guns had walnut grips, the commercial guns had hard rubber grips with molded in checkering and an oval
with a logo at the top. The New Navy used a large “COLT” in the oval. The Model 1892 New Army was
introduced with grips that had a fancier design with a small “COLT” at the top, the rampant colt in the center
and the date 1892 underneath. This left blank spaces on either side of the prancing pony so two roses
were added. The grip size was identical on both the Army and Navy models, and perhaps the fancier
Army grips were simply a marketing or selling convenience to distinguish between them, or a ploy to sucker
collectors into buying one of each so they would have all the models.
In 1894, the military Army model had some changes resulting in a new designation as the Model 1894, and
of course civilian customers would be upset getting obsolete 1892 models instead of the current version,
so Colt changed the date on the grips from 1892 to 1894. In 1895 the Navy adopted an improved Model
1895, and Colt tired of playing the date game and modified their grip molds to eliminate the date entirely.
However, they continued to satisfy the civilian market with both a New Model Navy and New Model Army,
the only difference being the oval COLT only logo grips on the Navy and the COLT/[pony]/[roses] on the
Army grips. The grips are the same size and will interchange (and many have been by previous owners).
There will usually be an assembly number scratched on the inside of the grips which will confirm if they are
original to the gun.
In 1908 Colt replaced the New Navy and New Army models with the “Colt Army Special” Revolver which
was the mechanical basis for the later Official Police and all subsequent medium frame double actions
through the Python. The Army Special grips were checkered hard rubber with COLT in an oval at the top, a
large stylized “C” around the grip screw and scrolls or flames above and below. These grips remained
standard until about 1923 when walnut grips with nickeled Colt medallions replaced them.
In adition to the commercial New Army and New Navy models, the military models included the 1889, 1892,
1894, 1895, 1896, 1901 and 1903, all in the span of 18 years.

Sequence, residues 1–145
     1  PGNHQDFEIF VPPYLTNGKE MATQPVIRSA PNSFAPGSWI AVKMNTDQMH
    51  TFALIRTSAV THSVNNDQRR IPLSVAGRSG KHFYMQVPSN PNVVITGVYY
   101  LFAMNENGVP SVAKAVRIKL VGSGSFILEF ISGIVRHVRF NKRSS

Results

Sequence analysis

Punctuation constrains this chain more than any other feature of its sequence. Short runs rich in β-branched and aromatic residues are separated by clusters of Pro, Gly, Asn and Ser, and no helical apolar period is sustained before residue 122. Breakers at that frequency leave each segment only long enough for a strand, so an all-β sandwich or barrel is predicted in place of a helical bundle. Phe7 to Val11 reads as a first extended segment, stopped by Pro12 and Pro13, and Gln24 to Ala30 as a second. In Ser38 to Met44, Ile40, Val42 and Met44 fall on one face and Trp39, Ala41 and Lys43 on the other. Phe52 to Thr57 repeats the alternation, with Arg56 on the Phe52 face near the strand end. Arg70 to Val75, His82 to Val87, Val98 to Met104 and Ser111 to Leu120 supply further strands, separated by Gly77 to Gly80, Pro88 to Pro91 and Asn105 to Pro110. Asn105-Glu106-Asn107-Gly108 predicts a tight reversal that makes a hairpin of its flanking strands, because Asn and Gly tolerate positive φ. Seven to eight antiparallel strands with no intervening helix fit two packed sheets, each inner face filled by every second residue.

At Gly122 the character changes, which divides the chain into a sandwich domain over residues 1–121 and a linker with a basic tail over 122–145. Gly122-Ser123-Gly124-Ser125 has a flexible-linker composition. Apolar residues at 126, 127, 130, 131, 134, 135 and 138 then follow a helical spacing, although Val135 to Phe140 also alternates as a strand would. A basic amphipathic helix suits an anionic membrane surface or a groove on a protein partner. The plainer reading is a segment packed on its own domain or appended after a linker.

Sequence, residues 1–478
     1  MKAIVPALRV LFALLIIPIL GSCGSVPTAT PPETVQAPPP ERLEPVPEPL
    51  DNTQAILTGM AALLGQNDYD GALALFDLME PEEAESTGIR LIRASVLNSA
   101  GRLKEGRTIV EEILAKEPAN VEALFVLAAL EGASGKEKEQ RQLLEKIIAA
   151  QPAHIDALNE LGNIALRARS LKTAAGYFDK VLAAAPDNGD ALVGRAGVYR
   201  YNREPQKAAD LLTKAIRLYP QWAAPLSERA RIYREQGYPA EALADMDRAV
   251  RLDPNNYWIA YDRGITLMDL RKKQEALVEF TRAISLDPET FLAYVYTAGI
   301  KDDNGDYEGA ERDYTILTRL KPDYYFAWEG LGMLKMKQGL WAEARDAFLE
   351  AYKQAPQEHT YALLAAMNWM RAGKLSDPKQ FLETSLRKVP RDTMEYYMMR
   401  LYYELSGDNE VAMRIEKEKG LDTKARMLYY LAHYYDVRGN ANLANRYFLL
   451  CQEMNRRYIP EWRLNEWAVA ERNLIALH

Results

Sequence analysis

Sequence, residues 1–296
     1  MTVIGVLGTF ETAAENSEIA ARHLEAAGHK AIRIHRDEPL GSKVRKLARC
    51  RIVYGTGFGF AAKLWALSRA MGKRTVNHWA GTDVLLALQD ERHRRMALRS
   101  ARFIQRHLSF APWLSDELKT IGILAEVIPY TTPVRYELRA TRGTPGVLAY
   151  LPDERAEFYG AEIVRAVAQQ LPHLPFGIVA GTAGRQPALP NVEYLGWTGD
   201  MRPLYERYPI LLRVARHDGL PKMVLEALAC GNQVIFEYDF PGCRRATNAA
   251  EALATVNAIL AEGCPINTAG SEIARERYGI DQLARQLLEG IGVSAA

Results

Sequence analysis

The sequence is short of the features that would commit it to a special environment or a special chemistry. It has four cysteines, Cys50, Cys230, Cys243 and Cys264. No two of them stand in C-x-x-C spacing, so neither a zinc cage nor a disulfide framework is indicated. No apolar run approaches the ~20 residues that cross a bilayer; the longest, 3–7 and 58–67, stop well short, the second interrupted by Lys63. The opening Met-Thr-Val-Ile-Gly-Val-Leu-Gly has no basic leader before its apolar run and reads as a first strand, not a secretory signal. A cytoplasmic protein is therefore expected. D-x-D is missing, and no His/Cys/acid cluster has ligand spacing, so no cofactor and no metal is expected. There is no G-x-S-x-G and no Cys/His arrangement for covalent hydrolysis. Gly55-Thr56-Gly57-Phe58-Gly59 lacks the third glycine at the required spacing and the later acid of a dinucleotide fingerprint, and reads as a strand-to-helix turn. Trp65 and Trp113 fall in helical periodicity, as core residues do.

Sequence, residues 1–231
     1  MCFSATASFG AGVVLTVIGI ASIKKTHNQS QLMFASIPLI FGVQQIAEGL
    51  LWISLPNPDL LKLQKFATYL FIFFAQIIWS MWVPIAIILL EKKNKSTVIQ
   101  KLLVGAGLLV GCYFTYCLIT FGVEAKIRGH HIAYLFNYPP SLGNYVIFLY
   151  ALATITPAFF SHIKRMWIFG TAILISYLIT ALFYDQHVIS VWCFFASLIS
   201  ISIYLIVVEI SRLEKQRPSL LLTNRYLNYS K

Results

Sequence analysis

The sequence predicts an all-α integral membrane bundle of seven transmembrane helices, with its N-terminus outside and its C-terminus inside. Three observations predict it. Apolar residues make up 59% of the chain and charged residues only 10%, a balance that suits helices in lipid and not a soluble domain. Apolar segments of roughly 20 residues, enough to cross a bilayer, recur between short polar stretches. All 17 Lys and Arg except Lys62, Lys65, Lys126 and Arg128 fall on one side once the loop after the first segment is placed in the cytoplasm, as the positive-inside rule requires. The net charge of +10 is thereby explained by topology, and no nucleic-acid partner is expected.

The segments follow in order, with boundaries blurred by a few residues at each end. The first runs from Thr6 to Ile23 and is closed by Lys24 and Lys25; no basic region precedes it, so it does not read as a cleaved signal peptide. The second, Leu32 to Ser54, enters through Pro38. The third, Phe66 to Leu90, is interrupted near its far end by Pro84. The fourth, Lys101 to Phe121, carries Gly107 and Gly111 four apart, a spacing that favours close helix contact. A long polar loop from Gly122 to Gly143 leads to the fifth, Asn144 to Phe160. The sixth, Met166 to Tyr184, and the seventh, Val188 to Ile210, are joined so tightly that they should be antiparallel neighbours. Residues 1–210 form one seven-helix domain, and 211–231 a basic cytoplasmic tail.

Bottom line is- Colt may have added the roses to the grip design to drive collectors nuts. John
# 15639 -
This Gun Belonged To A German Officer
I am looking into purchasing this firearm. I was told it belonged to a German officer. I am trying to find out if
this is true and how I would verify this. I am also looking for a approx value so I know what to offer. All the
serial numbers match. There is also a holster with a Nazi marking that comes with it.
Jonathan, I looked up a list of the 10 most common falsehoods on the internet, they include:
#10 "Your table will be ready in a minute."
#9 "One size fits all."
#8 "This will hurt me more than it hurts you."
#7 "I'm sorry I'm late. I got stuck in traffic."
#6 "The check is in the mail."
#5 "This offer is limited to the first 50 people who call in."
#4 "It's not the money. It's the principle of the thing."
#3 "I just need five minutes of your time."
#2 "I'll start my diet tomorrow."
#1 "I'm from the IRS and I'm here to help you."
I think that "this gun belonged to a German officer" should be added to the list as number 11.
I hear the German officer story just about every time I purchase an old German WWII handgun. I hear it so
often that I think that handguns that did not come from a German officer are much more scarce than ones
that did. There is no way to verify the history of WWII German military firearms because all records were
Value for a Spreewerk P.38 pistols can range from about $350 to a little over $950 depending on
condition. If the holster is military issue (not commercial), in the original configuration and has the correct
German military markings add $100 to $250 depending on condition. Many of the old German military
holsters have been cut down, modified, or they have had someone's initials carved into them. If this the
case, value for the holster will be in the $50 or less range. Marc
# 15585 -
Trying To Find Information About This Muzzleloader
Rob Evansville, IN USA
Tryon Philad A on barrel, RD and game engravings on side, Can send pics Trying to find out information
about this muzzleloader I inherited. It appears to be pre 1841 Tryon. I can send Pics
Rob- William K. Tryon of Philadelphia was a major player in the (mostly)
sporting arms field in the mid 19th century, but they also made Model 1841 Mississippi rifles under
government contract in the 1840s. Since this has game carvings it is not a military arm, so even with
photos we probably could not be very helpful with it.
The American Society of Arms Collectors site
http://americansocietyofarmscollectors.org/resources/articles/ has an excellent article by Robert Sadler,